Former inmate votes for governor for first time since rights were restored
RICHMOND, Virginia (WWBT) – Otha Holden has fought his entire life, and he’s spent nearly a decade fighting behind bars.
âI was caught up in a different lifestyle, man. I was different, âHolden said. “I’m a two-time criminal, but I’m also an asset.”
Holden was just 18 when a criminal life on the streets sentenced him to nine years in prison, but since his release in 2017 he has spent the past four years fighting his way back to being a productive member of the the society.
âI’ve always been a fighter,â Holden said. âI graduated from university; I got a four year plumbing apprenticeship, got my Class A CDL, I’m a three year licensed driver.
In the years since his release from prison, Holden says he turned to boxing for release. He now serves as a mentor to young people, using boxing as a tool to distract them from the streets. Holden also travels across the country, participating in various boxing competitions promoting his brand.
But Holden has said for a very long time that the only thing that kept him from being a full citizen was regaining his right to vote after going to jail.
âThe only thing I couldn’t accomplish was get my rights back,â Holden said. “I did not have the right to vote even though I had an opinion on so many different issues.”
That was until recently, when a life-changing encounter tied Holden to the restoration of his rights.
“A week and a half champion!” Holden laughed. âI have only had my right to vote for a week and a half!
So Thursday, with a championship boxing belt on his shoulder, the former criminal strutted to the polls early to vote for the first time in more than a decade.
âI never voted for a governor in Virginia,â Holden said. “I cried. I was in tears, man.
Earnest Pervall is another ex-convict who understands the thrill of voting for the first time. Pervall saw his rights restored for the first time last year – just in time for the 2020 presidential election.
âThe first time I voted it was a great feeling because I feel like I have a voice – my vote counted,â Pervall said. âI said I would like to put this person in the office, and I had a voice for the first time. So for me to vote, that said a lot because it was the first time I heard my voice in public.
Thanks to Governor Ralph Northam, nearly 70,000 more former detainees were restored to their civil rights in March.
“Too many of our laws were written in an age of racism and open discrimination, and they still bear the marks of inequity,” Northam said. âWe are a Commonwealth that believes in the need to move forward, not to be bound by the mistakes of our past. If we want people to return to our communities and participate in society, we have to welcome them back fully – and this policy does just that. “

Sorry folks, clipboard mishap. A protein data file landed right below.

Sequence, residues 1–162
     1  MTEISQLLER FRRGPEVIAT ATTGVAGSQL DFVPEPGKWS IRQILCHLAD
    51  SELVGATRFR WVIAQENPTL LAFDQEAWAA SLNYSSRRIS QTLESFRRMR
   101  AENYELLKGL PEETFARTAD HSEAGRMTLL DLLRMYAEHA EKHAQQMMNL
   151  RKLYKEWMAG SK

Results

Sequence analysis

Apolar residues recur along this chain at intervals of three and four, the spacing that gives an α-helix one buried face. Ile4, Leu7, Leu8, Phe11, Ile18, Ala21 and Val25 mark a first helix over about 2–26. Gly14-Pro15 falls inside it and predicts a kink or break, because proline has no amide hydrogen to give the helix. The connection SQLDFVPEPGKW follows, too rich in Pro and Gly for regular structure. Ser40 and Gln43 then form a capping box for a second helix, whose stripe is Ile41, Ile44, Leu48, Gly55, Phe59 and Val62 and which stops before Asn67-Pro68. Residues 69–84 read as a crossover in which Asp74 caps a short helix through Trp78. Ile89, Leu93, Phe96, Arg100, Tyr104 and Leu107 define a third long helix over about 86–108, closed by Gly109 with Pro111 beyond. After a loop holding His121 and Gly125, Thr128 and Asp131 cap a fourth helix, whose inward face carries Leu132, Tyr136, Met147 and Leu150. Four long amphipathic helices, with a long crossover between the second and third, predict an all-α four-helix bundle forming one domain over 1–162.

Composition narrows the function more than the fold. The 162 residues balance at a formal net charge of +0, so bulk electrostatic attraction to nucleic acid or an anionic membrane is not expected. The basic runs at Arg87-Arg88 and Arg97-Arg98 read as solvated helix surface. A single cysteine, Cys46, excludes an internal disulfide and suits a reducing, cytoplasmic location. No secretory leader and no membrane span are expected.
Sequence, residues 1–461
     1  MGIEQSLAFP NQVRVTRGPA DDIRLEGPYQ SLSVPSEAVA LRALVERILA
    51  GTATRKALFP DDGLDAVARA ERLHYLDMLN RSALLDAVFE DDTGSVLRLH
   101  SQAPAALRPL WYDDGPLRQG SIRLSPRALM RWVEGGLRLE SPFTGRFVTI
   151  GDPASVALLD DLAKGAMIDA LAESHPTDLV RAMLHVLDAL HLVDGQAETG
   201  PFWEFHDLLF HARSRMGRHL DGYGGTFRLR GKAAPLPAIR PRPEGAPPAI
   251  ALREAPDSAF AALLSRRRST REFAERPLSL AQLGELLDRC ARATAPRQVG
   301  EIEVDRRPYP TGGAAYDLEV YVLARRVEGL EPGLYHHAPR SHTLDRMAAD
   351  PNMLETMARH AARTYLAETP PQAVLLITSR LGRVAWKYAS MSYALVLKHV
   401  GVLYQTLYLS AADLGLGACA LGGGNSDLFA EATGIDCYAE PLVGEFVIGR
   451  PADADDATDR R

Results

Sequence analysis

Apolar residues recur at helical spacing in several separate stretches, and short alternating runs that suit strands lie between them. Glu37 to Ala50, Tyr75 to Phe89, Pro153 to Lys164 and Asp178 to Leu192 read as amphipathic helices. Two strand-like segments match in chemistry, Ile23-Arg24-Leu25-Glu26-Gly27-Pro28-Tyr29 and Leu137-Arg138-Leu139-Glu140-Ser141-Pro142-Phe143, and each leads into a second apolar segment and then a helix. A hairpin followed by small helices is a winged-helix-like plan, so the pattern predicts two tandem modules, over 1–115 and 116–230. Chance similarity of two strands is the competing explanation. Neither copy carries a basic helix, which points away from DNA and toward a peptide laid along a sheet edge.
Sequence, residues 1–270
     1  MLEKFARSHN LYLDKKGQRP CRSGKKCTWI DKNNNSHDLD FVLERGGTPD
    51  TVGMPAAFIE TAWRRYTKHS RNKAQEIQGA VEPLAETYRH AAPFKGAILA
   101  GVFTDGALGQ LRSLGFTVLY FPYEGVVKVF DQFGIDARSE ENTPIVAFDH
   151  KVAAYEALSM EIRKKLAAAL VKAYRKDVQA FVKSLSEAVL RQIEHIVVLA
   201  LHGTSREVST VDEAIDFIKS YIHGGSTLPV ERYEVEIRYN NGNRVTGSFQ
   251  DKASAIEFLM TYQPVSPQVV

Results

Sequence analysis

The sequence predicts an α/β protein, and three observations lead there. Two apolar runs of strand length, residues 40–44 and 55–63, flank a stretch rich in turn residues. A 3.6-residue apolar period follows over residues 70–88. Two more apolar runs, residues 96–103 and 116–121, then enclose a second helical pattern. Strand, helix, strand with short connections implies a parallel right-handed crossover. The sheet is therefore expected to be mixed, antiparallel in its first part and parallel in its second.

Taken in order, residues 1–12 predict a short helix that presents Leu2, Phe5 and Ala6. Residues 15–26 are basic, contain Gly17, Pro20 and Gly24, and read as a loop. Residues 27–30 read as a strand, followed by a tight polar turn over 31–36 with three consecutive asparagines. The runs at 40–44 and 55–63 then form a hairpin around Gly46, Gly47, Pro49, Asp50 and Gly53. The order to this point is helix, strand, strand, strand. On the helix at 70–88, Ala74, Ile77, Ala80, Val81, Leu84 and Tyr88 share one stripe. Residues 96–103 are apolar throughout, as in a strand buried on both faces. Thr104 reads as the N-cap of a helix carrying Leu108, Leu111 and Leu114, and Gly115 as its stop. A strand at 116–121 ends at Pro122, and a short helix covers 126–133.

Holden says he wasn’t aware he could have his restored until he learned that community activists were helping people like him regain their rights.
âI received the link from Ms. Community Clo, so I contacted her,â Holden said.
Holden refers to Clovia Lawrence, a radio show and host and activist, and executive director of Project Give Back to the Community, which serves as a platform for prisoners, former prisoners and all citizens of Virginia to give back and contribute positively to their community.
âWe believe in holistic reintegration,â Lawrence said. âWe believe that men and women, once back from incarceration, should be fully restored as citizens, which includes the right to vote.
During the 2021 election season, Lawrence helped returning citizens regain their rights by navigating them to the online restoration portal.
âOtha contacted me and told me that the vote was close to his heart for a long time,â Lawrence said. “I sent him the link on restore.virginia.gov and told him all he had to do was find the name you were convicted with and the last four digits of your social security number.”
Lawrence said shortly after getting his rights reinstated. She also helped him register to vote.
Now Holden is using the same hand that put him behind bars to lead by example and make a tangible difference, one vote at a time.
This is the hand that counts, âHolden said. “It’s the hand I write with, and it’s power.”
If you are a former inmate and your rights have not been restored, it is too late to vote in this election, but it is not too late to have them reinstated for the next. You can find the link to recover your entitlement, HERE.
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